And yet, to some of you, these names will mean nothing. Perhaps you may find them a tad overrated, or not all that enjoyable. And why is that? Because what I find to be good is subjective. We do not have to agree to both be right. 

Which brings me to my main point (believe it or not, I did have one, though I only discovered it somewhere amidst the third paragraph). Why are we constantly judging our work by other writer’s standards? We can be good and not be like them. I will never be J.K Rowling, sad fact. I will never weave elegant phrases or silly quips quite like some of the masters I adore. But does that mean that my work does not have credence, does not do me justice? No. It means that if I keep judging my fishy self by my ability to climb a tree, then I will forever live my life feeling like I am not good enough. I’m a fish. And damn it, I can swim with the whales if I want to (okay, not realistic because I’m actually afraid of deep water, but let’s get temporary amnesia and roll with the analogy).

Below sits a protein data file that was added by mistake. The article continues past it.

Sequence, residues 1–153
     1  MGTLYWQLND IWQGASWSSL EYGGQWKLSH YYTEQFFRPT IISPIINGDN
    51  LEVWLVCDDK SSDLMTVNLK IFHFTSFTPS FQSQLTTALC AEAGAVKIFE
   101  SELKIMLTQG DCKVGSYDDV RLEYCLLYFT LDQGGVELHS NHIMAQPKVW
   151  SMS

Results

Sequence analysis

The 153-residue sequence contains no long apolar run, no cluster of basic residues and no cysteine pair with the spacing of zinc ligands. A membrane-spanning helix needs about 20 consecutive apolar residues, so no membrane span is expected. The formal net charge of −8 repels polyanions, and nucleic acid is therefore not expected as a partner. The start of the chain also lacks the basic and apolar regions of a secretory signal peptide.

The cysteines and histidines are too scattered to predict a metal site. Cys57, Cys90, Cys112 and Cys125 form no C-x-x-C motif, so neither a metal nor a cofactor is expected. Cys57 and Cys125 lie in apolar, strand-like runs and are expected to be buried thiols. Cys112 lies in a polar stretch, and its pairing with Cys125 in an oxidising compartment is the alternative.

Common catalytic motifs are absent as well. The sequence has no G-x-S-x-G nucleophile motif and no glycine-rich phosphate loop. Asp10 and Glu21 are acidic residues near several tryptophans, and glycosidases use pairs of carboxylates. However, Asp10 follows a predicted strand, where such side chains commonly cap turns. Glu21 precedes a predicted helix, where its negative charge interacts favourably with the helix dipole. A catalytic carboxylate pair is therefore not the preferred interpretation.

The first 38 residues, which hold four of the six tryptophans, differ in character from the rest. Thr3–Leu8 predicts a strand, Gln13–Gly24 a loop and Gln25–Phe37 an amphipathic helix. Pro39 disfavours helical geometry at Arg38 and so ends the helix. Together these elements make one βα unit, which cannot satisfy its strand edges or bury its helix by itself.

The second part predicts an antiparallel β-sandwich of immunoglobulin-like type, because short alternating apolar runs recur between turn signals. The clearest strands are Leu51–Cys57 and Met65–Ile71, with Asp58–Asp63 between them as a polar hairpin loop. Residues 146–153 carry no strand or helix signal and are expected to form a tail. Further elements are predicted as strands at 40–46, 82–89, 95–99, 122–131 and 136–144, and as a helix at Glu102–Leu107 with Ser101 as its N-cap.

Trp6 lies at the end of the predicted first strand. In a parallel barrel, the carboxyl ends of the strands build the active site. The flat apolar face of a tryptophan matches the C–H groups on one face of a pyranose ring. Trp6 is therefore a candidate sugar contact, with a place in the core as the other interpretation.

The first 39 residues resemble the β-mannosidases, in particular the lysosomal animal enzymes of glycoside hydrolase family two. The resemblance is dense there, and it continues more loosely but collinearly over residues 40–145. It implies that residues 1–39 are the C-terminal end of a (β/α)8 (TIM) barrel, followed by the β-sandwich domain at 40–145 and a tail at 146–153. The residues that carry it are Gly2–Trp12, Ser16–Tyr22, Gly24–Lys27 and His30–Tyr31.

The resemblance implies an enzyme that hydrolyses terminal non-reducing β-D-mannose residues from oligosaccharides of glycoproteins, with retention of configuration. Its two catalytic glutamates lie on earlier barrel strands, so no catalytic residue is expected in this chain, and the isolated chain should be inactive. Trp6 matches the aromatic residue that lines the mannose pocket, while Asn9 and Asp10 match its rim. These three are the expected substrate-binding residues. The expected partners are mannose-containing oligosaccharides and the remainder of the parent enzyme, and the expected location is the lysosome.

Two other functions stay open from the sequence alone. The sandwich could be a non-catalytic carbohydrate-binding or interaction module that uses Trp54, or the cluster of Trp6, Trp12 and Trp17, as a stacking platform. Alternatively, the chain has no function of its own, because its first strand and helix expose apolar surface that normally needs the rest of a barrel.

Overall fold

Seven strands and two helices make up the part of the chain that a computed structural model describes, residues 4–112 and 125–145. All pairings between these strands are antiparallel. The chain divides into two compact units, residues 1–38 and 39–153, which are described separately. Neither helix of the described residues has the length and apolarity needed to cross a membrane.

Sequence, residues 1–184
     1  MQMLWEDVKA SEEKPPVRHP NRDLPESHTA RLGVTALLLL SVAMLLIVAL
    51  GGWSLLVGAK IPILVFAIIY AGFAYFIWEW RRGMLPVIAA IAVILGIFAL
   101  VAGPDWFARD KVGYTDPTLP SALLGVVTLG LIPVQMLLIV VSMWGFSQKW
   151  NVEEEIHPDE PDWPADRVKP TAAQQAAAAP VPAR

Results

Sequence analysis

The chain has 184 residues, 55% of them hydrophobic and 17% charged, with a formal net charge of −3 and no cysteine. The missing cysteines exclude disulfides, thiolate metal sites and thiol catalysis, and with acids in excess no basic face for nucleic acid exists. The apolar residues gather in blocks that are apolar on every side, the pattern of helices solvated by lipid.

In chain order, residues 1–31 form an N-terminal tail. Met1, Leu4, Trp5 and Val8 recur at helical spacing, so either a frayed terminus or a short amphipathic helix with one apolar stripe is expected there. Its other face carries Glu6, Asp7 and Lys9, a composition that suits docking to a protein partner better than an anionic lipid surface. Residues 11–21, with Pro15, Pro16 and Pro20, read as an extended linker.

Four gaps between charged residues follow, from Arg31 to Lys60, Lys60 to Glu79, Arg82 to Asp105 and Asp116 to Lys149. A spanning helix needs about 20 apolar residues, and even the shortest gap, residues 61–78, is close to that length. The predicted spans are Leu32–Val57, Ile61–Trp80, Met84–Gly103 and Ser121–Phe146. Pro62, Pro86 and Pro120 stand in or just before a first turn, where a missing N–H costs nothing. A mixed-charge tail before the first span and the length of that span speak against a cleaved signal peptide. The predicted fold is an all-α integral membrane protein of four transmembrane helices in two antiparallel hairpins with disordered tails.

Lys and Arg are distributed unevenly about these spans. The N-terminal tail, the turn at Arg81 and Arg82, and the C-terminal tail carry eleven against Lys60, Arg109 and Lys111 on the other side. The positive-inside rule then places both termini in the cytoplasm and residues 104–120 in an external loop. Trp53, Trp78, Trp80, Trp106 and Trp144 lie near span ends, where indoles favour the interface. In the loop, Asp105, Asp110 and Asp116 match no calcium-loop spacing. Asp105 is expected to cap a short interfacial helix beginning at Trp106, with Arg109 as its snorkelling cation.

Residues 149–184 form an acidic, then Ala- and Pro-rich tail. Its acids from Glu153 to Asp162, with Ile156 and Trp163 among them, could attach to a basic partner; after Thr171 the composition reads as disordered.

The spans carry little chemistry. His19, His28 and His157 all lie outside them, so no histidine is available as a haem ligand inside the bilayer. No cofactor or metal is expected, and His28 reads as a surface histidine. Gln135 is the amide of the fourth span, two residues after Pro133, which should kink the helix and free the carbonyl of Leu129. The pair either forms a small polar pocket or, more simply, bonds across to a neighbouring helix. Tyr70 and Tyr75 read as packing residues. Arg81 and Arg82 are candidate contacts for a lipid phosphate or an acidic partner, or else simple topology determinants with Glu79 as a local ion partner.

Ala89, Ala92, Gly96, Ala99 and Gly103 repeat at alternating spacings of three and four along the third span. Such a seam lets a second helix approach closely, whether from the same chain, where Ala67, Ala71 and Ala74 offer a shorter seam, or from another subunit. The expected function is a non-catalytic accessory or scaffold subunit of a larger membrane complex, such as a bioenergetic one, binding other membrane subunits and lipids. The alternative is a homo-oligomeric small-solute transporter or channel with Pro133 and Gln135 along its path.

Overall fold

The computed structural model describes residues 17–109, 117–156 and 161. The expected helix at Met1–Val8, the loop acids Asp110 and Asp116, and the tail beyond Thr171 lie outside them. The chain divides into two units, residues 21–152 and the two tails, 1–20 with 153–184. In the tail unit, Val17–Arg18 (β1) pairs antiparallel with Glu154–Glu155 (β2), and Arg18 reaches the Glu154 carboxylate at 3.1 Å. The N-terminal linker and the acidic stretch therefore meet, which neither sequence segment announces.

The craft of writing is mired in the pits of self-doubt. We would not be creators if we were confident in every little bookish-beast we kissed on the head and sent out into the world. And yes, some of our work may soar, and some of it may sink deep below the roiling waves. But guess what, my friends: to someone out there- you are J.K Rowling, or Neil Gaiman, or whoever it is you love and feel inspired by. You do that for someone else. Because you love your craft and you have a distinct voice that someone out there is desperate to hear, a voice that cannot be mimicked or emulated. You are a writer because you love it, and you love it because, when all is said and done, you were meant to do it. The passion burns inside you for a reason. And you, my friend, will someday be the rainbow that another writer is chasing.